Is it better to quit or be fired? It’s a question no one wants to face. Deciding between the two options is difficult and no matter what you decide, it marks a big life change. However, it’s important to take into consideration your individual circumstances and make a decision proactively. This will provide you with a sense of control over the situation and let you steer the outcome.
Of course, before you make any decision, check the legal and financial ramifications — for example, if you quit without a good cause, you might not be eligible for unemployment benefits or a severance package from your employer.
If you’re in an emotionally escalated situation, it might also be helpful to ask your co-workers for an outside perspective so you could fix your work situation before it becomes irreparable. For instance, if you have a boss that makes you feel incompetent, see if you can be moved to another group before you consider quitting altogether.
From considerations for your mental and physical well-being to opportunities for reflection and adjustment, here are how our five career experts answered the question, “is it better to quit or be fired?”
Is It Better to Quit or be Fired?
Quitting is Better for Your Mental and Physical Well-Being
I believe quitting is better than being fired for several reasons, the most important of which is mental and physical well-being.
Consciously and voluntarily resigning from a job is less stressful and mentally burdensome for us. Unlike being fired, it does not indicate our ‘failure’. Thus, we have no reason to blame ourselves, and we do not resent ourselves or the employer for his decisions. This prevents us from feeling upset or sad.
Quitting is also a good option because it gives you more control over the situation. When you quit, you can choose the timing and the reasons behind your decision to leave. This can help you leave on a positive note and maintain your professional reputation.
The “Better” Situation Always Depends on The Circumstance
There is no one-size-fits-all answer for whether it’s better to quit or be fired. Both of these scenarios are circumstantial and should depend on a number of different factors.
For example, do you feel like you’re being treated unfairly by your current company and that your expertise would be better utilized and appreciated elsewhere? Or, are operational shifts happening within your organization that is leading to a merging of your job function elsewhere?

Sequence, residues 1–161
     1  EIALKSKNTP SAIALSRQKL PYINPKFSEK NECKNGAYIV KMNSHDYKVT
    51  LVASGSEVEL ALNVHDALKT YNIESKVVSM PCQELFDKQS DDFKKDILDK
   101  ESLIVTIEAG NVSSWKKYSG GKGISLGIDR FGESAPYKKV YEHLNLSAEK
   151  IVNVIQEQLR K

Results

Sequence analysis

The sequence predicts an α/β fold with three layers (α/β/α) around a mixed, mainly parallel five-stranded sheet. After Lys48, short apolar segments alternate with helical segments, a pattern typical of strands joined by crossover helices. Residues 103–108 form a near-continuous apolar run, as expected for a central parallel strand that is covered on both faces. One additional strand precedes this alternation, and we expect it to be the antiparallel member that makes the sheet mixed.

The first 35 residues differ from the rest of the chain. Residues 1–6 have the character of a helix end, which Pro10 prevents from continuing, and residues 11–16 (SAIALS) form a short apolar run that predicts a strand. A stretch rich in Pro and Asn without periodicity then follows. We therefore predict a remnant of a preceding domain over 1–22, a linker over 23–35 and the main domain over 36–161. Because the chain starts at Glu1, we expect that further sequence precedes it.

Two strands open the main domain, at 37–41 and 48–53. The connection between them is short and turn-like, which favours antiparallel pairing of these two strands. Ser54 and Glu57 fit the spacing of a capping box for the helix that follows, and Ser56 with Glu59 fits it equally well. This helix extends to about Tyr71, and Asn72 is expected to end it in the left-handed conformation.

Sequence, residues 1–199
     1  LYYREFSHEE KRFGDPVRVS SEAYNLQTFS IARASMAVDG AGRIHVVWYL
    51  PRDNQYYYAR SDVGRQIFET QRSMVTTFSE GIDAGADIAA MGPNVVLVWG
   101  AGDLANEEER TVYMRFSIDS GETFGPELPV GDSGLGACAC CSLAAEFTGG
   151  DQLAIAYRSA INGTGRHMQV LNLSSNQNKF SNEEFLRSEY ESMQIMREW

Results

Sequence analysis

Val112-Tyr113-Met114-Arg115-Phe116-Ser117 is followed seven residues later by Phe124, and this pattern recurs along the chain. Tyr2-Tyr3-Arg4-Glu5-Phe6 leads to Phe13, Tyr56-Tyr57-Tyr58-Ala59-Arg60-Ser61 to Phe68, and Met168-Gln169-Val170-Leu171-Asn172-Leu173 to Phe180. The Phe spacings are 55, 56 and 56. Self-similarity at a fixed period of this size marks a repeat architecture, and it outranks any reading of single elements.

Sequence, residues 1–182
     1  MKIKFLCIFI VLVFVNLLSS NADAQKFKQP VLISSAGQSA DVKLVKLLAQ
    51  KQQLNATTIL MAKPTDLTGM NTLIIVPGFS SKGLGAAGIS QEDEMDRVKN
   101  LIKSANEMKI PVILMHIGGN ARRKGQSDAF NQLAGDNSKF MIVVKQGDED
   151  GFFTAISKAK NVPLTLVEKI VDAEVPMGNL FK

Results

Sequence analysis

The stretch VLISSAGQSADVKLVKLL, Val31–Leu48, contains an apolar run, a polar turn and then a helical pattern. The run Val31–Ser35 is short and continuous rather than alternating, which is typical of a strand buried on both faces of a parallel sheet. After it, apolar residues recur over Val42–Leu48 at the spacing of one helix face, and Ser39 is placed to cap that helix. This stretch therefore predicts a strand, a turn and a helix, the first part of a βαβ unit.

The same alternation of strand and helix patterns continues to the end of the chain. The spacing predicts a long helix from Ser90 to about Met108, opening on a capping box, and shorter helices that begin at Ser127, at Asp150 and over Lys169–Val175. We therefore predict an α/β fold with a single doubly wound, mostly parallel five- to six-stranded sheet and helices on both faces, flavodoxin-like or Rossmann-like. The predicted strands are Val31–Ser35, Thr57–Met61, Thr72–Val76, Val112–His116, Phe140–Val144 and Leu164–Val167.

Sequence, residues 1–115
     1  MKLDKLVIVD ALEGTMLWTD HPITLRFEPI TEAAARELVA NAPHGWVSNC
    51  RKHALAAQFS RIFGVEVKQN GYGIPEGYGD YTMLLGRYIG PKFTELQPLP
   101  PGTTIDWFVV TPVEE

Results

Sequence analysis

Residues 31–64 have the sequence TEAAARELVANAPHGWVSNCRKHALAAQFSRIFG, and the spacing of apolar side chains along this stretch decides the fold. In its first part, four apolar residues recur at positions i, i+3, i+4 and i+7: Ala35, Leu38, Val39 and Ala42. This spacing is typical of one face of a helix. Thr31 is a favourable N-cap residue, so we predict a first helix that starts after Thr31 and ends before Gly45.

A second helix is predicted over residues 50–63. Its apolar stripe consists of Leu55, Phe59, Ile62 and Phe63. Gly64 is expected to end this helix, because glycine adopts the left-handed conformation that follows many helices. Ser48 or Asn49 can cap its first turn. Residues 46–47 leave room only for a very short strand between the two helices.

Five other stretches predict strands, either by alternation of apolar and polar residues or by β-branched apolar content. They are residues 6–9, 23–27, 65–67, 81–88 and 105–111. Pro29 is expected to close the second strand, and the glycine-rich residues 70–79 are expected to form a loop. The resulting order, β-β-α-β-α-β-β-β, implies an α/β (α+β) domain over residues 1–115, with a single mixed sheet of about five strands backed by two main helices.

The “better” situation always depends on the circumstances.
Quitting Gives You a Head Start In Job Searching
Generally speaking, it’s usually better to quit rather than be fired. Because if you quit, you can maintain control over how you leave your job and how you are perceived by your employer and coworkers. For example, if you quit on good terms, it may be easier to get a good reference from your employer and you can leave with your head held high. Additionally, if you quit, you can start looking for a new job right away and not have to wait until after being fired.
On the flip side, being fired can have serious repercussions on your career in the long term. It can be harder to get a job with a firing on your record and it can cause negative feelings between you and your former employer. Additionally, it can be difficult to explain in job interviews why you were fired.
So it’s important to assess the situation and decide what is best for you. If the job isn’t working out and there’s no chance of improvement, quitting may be the best option.
If You Quit, You Control the Narrative
If you quit, you are in control of the message to new employers. Quitting also shows that you can make measured decisions and recognize when a current job is no longer the right fit. Usually, it affords you the opportunity to leave on good terms, which can be beneficial if you need to use the company as a reference in the future.
Being Fired Gives You The Opportunity To Reflect and Adjust
Being let go is often the better option because it gives you the opportunity to reflect on your actions, and perhaps get the help you need to improve your performance. Quitting often comes from being frustrated with your job due to a toxic culture, lack of opportunity, or poor leadership. It’s then easy to draw the conclusion that the job itself is the problem, and you need to find a new one-but that’s not always the case.
Sometimes your skills, mindset, or approach to work need to be adjusted in order for you to succeed in your role. Quitting without reflecting on what you need to do to improve is a missed opportunity, and could result in repeating the same pattern in your next opportunity.